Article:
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Helen Cordero

Helen Cordero making a storyteller.

Helen Cordero

Helen Cordero was a daughter of Caronline Quintana and a sister of Trinidad Herrera. Her son George was also a potter as well as her granddaughter Buffy Cordero. Helen married Fred Cordero, an artist, drum-maker, and governor of Cochiti Pueblo.  Helen began creating pottery birds and animals that her husband painted.  Then Helen began creating the storyteller figures in 1964 as a way to honor her grandfather, Santiago Quintana.   Helen won numerous awards for her pottery and was featured in over 25 issues of American Indian Art Magazine and on the cover of National Geographic magazine. Her Storyteller design became popular with other pottery-makers, who have created variations, including animal storytellers. To distinguish her work and to fulfill the expectations of some collectors, Helen began signing her works. After the success of the Storyteller, Helen eventually drew more from her experiences and went on to develop other types including, drummers, singing mothers, Pueblo father, and Hopi maiden. Helen Cordero was honored as a Santa Fe Living Treasure in May of 1985,  she was made an NEA National Heritage Fellow in 1986. Helen Cordero Primary School, in Albuquerque, New Mexico, is named after her.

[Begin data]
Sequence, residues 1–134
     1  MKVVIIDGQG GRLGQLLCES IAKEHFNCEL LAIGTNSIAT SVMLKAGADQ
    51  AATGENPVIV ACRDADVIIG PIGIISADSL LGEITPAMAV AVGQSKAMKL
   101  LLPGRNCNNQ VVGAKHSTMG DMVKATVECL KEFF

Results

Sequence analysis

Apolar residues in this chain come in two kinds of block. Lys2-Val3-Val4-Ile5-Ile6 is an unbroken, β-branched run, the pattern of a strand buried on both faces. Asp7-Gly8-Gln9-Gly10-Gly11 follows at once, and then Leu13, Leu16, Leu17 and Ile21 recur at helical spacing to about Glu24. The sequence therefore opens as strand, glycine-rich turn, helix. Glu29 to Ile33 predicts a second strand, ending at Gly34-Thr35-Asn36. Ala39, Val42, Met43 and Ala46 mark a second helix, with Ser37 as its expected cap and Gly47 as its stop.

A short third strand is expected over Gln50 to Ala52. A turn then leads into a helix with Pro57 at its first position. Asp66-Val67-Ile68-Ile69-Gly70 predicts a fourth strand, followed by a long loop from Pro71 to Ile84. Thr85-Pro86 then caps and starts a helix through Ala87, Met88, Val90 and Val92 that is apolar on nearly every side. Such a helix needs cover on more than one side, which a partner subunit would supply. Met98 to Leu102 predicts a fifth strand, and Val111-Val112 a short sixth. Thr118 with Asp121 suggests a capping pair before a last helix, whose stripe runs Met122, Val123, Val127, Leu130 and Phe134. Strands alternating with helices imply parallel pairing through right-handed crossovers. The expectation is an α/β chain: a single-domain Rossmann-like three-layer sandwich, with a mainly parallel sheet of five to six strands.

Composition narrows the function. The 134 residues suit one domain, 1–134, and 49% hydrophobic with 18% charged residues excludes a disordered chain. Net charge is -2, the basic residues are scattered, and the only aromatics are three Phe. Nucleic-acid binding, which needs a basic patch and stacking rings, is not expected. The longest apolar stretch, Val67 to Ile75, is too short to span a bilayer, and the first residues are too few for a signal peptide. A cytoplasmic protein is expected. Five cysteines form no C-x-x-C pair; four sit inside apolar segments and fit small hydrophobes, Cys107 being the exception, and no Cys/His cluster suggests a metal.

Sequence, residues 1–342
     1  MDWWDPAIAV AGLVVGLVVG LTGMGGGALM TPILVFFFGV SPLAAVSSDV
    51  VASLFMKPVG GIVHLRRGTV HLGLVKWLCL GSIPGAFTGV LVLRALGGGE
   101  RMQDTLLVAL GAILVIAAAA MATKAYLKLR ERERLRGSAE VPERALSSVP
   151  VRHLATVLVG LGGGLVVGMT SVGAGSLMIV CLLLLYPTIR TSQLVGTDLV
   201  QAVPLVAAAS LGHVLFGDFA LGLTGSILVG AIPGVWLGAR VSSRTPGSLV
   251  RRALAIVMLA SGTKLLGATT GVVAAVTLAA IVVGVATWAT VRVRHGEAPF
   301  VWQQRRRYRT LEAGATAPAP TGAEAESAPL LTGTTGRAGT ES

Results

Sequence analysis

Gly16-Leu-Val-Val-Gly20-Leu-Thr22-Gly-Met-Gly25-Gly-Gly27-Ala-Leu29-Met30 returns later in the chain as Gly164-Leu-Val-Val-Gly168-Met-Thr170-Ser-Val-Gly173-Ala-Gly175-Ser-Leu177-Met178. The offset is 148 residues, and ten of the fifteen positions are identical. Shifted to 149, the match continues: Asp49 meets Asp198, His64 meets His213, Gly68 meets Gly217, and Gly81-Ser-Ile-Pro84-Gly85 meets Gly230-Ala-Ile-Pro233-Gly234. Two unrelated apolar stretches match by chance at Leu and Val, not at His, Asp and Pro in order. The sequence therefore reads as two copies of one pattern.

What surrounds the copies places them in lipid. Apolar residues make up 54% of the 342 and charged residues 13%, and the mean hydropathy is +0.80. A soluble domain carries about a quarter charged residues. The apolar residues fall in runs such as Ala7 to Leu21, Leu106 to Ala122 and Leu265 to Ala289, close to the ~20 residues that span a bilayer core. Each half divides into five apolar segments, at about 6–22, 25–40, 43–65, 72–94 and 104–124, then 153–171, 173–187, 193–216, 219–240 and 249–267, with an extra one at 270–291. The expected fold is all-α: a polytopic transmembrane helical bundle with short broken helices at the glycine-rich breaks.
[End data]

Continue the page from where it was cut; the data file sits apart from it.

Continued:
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Cordero, Helen – Grandfather Storyteller with 12 Kids

Helen Cordero is undoubtedly one of the great names in Cochiti pottery.  It was in 1964 that Cordero said she made her first storyteller.  According to her, “I made some more of my Storytellers with lots of children climbing on him to listen, then I took them up to the Santo Domingo Feast Day” and the rest is history.  Her pieces were all males, to honor her grandfather, whom she would hear telling children stories of Pueblo life and culture.  She received the New Mexico Governor’s award in 1982 and the NEA Heritage Fellowship in 1986.  This storyeller is one of her pieces from the 1970’s.  It is complex in terms of its painting and figurative work.  There are twelve children all around the figure. Each one is dressed differently and they are very interactive with one another.  Note the details on the larger figure, including the sash on the side and the squash blossom necklace!  The piece is signed  on the bottom, “Helen Cordero”.  It is in excellent condition with no chips, cracks, restoration or repair.  It is not often that we see one of her storytellers with so many children and with such intricate designs.  Definitely a classic!

$ 11,000.00
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